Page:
Open Water Swimming Marathons

When many people think of swimming, they think of pools and lanes, but wild swimming and open water swimming have become extremely popular in recent years. Open water swimming marathons are increasingly popular and they are included in events such as triathlons.

The Norseman Xtreme Triathlon is considered to have one of the hardest open water swimming tasks. Swimmers are dropped from a ferry 12 feet into the icy waters of the fjord. This event starts with the swimming so when this section is finished they just get on with the cycling and the running.

For slightly warmer waters, you could head for the Waikiki Roughwater Swim. This swim used to be part of the Ironman World Championship but it is challenging for any swimmer as it means dealing with very rough waters and strong currents.

The Manhattan Island Marathon Swim is an event that dates back to the 1920s. Only 25 swimmers are permitted to take part on this course which covers around 28.5 miles around the island. The water temperatures are fairly cold and swimmers have to deal with boat traffic, floating debris and rough waters. There is also quite a steep entry fee.

For a really challenging swim, what about one that has only ever been completed by two people? The marathon swim from the Farallon Islands to the Golden Gate Bridge means that you might have to face an obstacle or two, including a great white shark. Participants are not allowed to wear wetsuits.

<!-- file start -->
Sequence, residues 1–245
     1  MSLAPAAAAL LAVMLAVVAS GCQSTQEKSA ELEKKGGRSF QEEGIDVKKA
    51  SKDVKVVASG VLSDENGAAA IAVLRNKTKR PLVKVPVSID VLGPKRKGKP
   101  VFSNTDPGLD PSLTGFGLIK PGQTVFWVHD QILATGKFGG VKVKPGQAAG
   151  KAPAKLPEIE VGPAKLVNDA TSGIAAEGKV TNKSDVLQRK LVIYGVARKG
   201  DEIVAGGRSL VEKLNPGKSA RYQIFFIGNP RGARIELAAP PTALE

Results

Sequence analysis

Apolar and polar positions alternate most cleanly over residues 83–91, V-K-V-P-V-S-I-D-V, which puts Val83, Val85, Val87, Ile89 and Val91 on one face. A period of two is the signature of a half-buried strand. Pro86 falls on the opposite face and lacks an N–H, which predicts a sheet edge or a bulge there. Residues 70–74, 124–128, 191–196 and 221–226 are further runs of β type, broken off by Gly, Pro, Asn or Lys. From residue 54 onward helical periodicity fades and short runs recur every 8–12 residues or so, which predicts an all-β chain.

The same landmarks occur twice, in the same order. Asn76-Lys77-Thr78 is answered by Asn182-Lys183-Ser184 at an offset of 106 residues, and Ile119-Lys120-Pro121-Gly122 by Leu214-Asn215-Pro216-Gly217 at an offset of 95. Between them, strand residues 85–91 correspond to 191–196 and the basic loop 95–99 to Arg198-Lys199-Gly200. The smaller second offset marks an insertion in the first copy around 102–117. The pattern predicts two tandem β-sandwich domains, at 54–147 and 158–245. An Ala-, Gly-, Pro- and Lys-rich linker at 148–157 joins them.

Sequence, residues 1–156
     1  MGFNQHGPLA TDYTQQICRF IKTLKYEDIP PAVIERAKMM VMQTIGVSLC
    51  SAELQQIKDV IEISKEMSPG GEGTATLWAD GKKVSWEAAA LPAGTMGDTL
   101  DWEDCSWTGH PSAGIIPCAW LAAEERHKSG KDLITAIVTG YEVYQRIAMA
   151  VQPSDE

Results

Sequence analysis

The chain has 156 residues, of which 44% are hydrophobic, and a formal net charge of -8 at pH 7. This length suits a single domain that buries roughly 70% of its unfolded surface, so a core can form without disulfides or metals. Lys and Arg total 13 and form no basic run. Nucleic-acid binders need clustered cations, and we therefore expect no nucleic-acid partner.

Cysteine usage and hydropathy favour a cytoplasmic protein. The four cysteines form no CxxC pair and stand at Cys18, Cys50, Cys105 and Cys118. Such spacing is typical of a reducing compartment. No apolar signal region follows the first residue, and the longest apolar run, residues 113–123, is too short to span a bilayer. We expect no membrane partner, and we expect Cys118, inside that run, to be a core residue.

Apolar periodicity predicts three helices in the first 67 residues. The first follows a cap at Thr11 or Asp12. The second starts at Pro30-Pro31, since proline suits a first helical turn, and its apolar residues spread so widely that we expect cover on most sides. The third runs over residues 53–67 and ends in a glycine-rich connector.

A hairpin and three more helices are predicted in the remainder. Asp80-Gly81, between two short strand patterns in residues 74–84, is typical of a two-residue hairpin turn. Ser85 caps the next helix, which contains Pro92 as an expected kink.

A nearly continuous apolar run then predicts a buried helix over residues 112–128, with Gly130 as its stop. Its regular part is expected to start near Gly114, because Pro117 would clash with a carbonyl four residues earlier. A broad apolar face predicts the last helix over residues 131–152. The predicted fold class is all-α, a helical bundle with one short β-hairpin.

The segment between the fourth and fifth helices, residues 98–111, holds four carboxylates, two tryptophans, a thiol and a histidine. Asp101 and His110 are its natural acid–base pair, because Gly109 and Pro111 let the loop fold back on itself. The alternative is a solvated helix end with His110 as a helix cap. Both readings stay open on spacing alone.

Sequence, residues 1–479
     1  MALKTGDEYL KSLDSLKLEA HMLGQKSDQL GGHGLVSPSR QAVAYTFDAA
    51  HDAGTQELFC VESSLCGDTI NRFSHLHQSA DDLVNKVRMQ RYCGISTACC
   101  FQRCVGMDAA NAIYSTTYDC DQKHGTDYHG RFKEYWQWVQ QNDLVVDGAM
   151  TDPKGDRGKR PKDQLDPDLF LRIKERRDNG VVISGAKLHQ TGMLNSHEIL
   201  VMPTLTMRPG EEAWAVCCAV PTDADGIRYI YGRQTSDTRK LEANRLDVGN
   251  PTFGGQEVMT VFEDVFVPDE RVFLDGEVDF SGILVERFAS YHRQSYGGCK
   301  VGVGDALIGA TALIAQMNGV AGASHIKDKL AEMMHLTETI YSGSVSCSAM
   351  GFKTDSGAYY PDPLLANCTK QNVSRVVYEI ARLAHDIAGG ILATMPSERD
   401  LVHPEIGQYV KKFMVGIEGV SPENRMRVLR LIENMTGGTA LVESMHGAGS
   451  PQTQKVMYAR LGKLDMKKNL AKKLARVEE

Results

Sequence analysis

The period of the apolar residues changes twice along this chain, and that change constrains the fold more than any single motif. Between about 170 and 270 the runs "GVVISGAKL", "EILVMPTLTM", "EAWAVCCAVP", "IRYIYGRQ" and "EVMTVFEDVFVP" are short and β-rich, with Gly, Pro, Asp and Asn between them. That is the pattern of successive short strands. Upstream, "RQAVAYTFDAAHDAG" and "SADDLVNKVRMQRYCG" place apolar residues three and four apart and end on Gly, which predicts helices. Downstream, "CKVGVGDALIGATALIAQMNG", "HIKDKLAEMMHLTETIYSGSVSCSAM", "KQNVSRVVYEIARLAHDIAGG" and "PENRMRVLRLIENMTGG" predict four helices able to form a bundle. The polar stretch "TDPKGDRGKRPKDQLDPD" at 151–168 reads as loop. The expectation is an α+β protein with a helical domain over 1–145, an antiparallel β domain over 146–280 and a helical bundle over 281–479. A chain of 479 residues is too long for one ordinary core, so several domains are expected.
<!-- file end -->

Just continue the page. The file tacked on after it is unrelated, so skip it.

In South Africa you could try the Robben Island to Three Anchor Bay swim. At 6.3 miles it is not the marathon distance you might be looking for but it is not for the faint-hearted due to the challenging conditions such as the choppy seas and wind.

One of the most iconic open water swims is the English Channel, where many swimmers have attempted to cross the shortest stretch between England and France, which covers 20.7 miles. The first swim took almost 22 hours but these days you cannot simply head to the water and start swimming as it has to be regulated. This is a very busy stretch of water, so you have to plan well in advance. Some people spend a few years on a waiting list and have to have the funds to run a support boat, as well as providing evidence of previous long distance swims.

For Scottish lake swimming consider the Loch Ness open water swim. This covers 23 miles and it is a very difficult swim. The water is cold and occasionally visibility is extremely low. Those who just want to get a taste of the event can take part in the monster swim, which covers just one mile.